At the beginning of March, we invited all people working in FTGM to fill in a questionnaire that included demographic data, medical history, COVID-19–related anamnesis, and local and systemic AE reporting.

Furthermore, 1 month after the second vaccine dose, a serological test to anti–SARS-Cov-2 IgG (Abbott, index value <1.4) and anti–SARS-Cov-2 receptor binding domain (RBD) spike protein antibodies (Abbott, normal range <50 AU/mL) was offered to healthcare workers and administrative staff. We collected data for 272 workers (response rate, 46%).

Clinical characteristics of our population are summarized in Table 1; 14 employees who filled out the questionnaire claimed mild COVID disease before vaccination.

Table 1. Clinical Characteristics of Study Participants

Adverse events were recorded in 50% and 67% of study participants, respectively, after the first and second vaccine doses. Systemic events are more frequent after the second vaccine dose. The postvaccination adverse events (AEs) are summarized in Fig. 1.

Fig. 1. Postvaccination adverse events (AEs). (Panel A) Number of adverse events according to MedDRA classification2 for the first and second doses of vaccine. (Panel B) Total systemic AEs and local AEs for the first and second doses of vaccine. (Panel C) Details of systemic AEs and local AEs for the first and second doses of vaccine.

Furthermore, participants who reported AEs required antipyretic medication in 20% of cases after the first dose and 58% after the second dose. In most cases, adverse effects lasted <3 days (grade I according to MedDRA classification2). After the first dose, we recorded 3 severe AEs that required hospital monitoring due to systemic symptoms. One of these AEs occurred in a study participant with previous COVID-19 disease who required steroid and antihistamine therapy. The second vaccine dose was administered to 271 of 272 patients; 1 participant preferred not to receive the second dose due to previous COVID-19 disease.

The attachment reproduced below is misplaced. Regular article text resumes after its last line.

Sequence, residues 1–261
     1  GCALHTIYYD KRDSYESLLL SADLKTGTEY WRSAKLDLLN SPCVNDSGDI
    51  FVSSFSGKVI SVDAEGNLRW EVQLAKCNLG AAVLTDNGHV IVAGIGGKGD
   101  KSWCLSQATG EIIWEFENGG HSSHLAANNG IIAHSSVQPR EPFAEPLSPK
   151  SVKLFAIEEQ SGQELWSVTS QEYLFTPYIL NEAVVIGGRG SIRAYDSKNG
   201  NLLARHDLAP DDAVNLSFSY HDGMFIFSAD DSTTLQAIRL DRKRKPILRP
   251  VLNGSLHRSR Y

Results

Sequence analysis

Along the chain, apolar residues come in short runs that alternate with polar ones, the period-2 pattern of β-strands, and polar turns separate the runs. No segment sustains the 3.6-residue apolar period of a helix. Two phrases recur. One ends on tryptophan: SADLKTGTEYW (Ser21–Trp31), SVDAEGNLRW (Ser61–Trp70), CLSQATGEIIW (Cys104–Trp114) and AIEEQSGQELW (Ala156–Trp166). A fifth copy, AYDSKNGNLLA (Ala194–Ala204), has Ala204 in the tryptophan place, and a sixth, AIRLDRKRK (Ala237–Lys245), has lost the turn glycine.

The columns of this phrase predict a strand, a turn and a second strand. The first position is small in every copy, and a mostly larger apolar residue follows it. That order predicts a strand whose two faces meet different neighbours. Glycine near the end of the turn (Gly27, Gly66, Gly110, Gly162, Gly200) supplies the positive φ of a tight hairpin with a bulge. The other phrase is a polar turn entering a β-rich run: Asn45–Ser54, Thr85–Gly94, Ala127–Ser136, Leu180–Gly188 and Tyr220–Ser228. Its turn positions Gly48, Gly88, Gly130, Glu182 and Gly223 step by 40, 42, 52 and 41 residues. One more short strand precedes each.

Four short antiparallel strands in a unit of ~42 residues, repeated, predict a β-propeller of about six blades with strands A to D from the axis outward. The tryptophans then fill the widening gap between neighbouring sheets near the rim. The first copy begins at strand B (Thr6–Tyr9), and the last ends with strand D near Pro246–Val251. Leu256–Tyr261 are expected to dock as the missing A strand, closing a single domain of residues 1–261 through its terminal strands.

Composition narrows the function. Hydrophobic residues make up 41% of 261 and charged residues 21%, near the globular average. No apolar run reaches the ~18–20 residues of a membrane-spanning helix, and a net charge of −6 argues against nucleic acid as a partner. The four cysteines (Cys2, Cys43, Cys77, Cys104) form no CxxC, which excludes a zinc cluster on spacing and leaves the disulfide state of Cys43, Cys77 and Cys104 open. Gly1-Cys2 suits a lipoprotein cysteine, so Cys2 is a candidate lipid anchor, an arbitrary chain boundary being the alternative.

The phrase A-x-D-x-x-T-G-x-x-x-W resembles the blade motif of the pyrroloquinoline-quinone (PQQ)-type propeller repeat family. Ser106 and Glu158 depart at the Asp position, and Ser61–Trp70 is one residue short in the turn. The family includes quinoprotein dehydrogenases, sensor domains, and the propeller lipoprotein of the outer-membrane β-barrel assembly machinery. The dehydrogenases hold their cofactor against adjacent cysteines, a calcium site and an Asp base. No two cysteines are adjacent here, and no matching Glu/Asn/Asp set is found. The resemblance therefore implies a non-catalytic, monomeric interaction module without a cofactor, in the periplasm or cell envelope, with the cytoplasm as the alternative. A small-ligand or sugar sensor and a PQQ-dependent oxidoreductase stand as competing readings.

Among 272 study participants, 1 had COVID-19 disease within 3 months of follow-up. We found low anti–SARS-Cov-2 IgG values (index value <1.4) at the serological test in 5 of 14 patients with previous COVID-19 infection. All 5 of these study participants had had COVID-19 disease in the previous 6 months.

A preliminary analysis of the data shows a positive correlation between reporting AEs following the second administration and anti–SARS-Cov-2 RBD spike protein antibodies response. The antibody value in patients with AEs at the second dose was 15,664 ± 10,640 AU/mL versus 9,136 ± 7,523 AU/mL in patients who did not report adverse effects (P < .05).

In 4 patients, the anti–SARS-Cov-2 receptor binding domain (RBD) spike protein antibody level was <600 AU/mL, which indicates very poor humoral immune response to vaccine. Of these, 2 patients were on active chemotherapy, 1 had previous hematological malignancy, and 1 did not report any major issues. These patients were referred to the preventive medicine service for dedicated follow-up. According to some studies, cancer patients could need additional doses of vaccine and/or should maintain nonpharmacological preventive measures as suggested for patients who use B-lymphocyte–depleting agents.3

In the first phase of the campaign, 85% of the staff chose to receive the vaccine. Currently, adherence to the vaccination program is progressively improving to 92%. This result is better than that in a similar Canadian experience in which 80.9% of the staff accepted the vaccine.4 This result is even more significant when we consider that in November 2020, a survey administered to FTGM employees to explore vaccination hesitancy in healthcare and nonhealthcare workers found that just 232 (59%) of 396 participants had an intention to be vaccinated against COVID-19. We believe that scheduling of vaccinations outside working hours during the weekend, one-to-one vaccine counseling to hesitant workers, peer pressure from colleagues directly involved in the vaccination campaign, and the introduction of a national vaccination mandate for healthcare workers at the end of May played a significant role in achieving the current vaccination rate.